When students are having a rough day, they go to the school counselor. And now at one middle school, the counselors are equipped with a four-legged assistant.
There's a new face at Rocky Mountain Middle School. It belongs to Annie the dog.
Attendance Secretary Laurel Trimble says, "I did a lot of research on therapy dogs and I thought what better way to give back than to give the students a therapy dog, and hopefully open the doors for other schools for therapy dogs."
It's only been a couple months since the district approved the idea, but students are already benefiting.
Eighth Grader Thayne Devereaux says, "It's hard to explain. Kind of, you feel like your spirit lifts up a little bit."
Annie visits students, like Devereaux, in the hall and also in the counseling offices.
School Counselor Nikie Bone says, "We just have so many different kinds of anxiety, stress, sometimes even trauma that kiddos come in with. And so, Annie has just been a blessing. They can come in and just relate with her in just a few minutes."
Students can relate to Annie as she's been through months of training to recognize different emotional cues, and for good reason.
Director of Idaho K9 Academy Coby Voronovich says, "They have to be trained specifically to identify specific behaviors, and indicate on them [the students], and try to break the loop that they're in so that we can calm them down quicker. So we can get them back to class sooner."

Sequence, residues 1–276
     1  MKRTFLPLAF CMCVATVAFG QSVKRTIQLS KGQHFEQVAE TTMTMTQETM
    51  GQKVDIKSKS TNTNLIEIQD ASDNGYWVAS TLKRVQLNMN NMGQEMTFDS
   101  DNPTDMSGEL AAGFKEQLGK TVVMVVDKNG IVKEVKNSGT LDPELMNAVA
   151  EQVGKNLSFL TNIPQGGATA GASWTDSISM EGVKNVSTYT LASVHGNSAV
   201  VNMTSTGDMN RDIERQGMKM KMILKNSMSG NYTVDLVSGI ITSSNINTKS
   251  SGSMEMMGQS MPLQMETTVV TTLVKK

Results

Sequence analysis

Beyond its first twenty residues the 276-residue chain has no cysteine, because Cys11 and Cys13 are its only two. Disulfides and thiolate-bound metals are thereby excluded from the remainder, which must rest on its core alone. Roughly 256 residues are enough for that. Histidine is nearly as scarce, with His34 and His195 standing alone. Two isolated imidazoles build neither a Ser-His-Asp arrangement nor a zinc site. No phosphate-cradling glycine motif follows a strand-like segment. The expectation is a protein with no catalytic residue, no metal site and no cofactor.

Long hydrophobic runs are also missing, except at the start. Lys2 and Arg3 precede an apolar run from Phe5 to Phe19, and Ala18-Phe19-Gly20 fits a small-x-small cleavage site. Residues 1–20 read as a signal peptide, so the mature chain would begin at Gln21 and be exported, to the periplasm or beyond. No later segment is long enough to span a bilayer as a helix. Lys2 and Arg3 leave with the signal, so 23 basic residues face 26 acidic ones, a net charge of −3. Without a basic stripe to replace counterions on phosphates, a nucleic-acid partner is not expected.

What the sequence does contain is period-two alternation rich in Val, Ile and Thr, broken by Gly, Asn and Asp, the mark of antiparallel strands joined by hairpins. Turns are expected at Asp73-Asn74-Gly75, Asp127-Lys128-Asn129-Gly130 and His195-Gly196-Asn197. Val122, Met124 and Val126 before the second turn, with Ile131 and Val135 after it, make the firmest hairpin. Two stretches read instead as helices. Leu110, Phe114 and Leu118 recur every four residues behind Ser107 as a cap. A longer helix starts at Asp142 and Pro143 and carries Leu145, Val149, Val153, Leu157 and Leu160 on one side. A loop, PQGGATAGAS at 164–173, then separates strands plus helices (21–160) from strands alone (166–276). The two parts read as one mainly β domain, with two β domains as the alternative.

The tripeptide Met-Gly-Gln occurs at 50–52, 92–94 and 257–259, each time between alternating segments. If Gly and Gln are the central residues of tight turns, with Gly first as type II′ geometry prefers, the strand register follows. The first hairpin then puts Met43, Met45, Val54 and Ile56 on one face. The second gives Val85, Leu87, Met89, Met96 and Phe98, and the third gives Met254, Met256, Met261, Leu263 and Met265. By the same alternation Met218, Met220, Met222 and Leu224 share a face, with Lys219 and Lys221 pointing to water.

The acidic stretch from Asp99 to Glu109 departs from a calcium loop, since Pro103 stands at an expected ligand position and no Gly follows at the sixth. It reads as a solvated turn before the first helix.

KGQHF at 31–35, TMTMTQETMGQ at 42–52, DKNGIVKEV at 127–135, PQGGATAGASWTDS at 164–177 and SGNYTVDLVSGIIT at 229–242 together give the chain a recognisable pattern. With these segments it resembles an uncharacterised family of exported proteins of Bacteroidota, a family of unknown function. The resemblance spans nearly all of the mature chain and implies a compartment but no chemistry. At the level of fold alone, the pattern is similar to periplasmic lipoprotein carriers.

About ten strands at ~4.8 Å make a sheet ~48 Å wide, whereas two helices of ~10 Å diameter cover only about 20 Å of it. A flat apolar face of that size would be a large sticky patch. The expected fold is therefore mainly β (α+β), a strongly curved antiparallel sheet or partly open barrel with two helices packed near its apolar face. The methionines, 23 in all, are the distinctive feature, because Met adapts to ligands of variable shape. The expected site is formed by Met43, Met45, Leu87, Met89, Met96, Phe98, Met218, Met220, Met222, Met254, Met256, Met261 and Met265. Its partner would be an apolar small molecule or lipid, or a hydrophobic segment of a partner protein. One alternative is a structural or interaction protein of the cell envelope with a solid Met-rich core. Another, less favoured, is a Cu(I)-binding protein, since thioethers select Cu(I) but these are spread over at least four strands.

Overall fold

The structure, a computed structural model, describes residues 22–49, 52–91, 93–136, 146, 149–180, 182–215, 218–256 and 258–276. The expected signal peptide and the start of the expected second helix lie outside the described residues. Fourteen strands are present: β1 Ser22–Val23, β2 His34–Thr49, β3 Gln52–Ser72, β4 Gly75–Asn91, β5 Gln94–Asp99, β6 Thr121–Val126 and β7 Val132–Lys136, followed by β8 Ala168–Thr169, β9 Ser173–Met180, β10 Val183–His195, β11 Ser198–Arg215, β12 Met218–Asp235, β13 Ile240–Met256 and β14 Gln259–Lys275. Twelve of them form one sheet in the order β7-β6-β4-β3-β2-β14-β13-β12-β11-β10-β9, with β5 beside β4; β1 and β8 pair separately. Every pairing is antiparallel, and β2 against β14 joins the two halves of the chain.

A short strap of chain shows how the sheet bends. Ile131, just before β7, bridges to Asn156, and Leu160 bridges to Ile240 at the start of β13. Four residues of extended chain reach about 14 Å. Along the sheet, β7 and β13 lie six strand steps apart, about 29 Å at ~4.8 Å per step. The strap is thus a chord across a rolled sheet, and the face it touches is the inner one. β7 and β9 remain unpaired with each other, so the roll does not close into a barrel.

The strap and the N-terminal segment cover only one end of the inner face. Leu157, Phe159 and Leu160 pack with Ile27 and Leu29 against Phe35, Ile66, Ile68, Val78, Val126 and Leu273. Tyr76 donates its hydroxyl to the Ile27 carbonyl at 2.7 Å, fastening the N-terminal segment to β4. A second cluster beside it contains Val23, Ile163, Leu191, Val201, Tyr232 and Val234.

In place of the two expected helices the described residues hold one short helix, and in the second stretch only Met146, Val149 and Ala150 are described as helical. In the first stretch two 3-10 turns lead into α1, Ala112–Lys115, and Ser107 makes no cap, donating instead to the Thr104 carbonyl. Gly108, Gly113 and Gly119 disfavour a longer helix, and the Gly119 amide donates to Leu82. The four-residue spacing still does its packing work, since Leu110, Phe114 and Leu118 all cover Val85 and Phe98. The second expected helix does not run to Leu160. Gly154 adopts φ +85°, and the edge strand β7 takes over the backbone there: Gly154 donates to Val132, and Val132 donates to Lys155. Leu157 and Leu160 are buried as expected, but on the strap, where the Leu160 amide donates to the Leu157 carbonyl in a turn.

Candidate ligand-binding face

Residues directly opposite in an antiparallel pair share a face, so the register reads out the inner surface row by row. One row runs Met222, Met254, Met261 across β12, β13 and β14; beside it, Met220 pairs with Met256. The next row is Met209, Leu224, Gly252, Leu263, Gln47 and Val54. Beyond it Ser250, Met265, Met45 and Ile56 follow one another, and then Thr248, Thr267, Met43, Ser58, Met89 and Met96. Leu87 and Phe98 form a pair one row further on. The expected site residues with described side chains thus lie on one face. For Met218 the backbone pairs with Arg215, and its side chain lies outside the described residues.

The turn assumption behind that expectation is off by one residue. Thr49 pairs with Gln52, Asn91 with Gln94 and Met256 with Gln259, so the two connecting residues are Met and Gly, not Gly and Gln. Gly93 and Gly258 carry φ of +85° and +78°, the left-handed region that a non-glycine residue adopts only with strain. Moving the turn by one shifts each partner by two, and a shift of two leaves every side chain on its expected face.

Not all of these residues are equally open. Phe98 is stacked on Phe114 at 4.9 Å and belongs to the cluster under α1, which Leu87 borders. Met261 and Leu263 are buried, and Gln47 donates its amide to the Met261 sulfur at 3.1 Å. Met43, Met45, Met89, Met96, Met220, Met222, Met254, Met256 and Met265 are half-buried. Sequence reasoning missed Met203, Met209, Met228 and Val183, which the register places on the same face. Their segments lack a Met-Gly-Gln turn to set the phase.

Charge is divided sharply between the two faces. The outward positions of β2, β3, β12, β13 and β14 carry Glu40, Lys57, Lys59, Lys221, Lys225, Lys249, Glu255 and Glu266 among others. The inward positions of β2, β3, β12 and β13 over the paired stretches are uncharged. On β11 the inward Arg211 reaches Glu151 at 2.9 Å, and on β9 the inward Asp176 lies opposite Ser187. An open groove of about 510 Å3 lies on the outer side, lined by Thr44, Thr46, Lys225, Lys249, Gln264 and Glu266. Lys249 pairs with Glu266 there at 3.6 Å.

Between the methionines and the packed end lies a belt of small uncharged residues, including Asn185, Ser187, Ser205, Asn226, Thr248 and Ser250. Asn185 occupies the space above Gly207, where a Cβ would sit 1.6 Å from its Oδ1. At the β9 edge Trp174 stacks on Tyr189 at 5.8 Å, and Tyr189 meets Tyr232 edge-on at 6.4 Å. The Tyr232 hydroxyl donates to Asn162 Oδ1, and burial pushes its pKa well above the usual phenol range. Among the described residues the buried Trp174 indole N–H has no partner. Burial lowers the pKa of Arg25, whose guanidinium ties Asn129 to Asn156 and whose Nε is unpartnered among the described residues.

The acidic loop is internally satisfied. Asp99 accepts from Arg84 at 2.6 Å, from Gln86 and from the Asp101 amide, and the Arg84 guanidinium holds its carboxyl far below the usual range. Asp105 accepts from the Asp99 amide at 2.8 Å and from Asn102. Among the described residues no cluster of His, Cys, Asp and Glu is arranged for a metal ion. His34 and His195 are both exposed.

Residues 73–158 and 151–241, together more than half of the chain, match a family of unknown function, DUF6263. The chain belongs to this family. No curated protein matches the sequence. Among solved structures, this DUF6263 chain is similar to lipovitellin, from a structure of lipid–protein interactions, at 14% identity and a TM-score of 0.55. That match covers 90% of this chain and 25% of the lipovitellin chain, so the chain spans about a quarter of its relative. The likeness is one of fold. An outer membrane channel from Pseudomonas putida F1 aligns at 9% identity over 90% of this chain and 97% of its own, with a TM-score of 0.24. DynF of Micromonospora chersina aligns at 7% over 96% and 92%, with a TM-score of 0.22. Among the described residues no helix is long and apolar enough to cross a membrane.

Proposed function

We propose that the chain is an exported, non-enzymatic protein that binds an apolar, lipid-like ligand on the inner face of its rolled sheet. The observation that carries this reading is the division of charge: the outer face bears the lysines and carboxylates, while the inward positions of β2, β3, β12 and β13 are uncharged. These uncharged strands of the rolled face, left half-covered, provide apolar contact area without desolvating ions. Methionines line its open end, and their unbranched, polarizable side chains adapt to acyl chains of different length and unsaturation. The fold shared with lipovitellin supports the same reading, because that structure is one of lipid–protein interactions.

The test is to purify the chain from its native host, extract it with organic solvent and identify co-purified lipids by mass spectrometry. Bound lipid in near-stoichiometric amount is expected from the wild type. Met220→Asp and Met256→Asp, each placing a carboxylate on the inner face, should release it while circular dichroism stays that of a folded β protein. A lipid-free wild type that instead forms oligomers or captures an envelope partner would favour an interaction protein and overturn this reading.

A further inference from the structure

Eighth Grader Soleina Bess says, "Well, sometimes you have a hard life at home, or maybe if your friends are mean to you, or you just need a break from your life, you can just come and she'll just comfort you and just love you."
Annie is able to comfort students, at times, in half the time it would normally take. She can do this because she recognizes signs of distress. That skill isn't cheap to learn, but one employee is gifting Annie's services to the school.
Laurel Trimble says, "It's worth it to me because it's giving back to the school. And hopefully, it's giving back for years to come.
Trimble says she hopes other schools see the benefit of having a therapy dog and follow in Rocky Mountain Middle School's steps.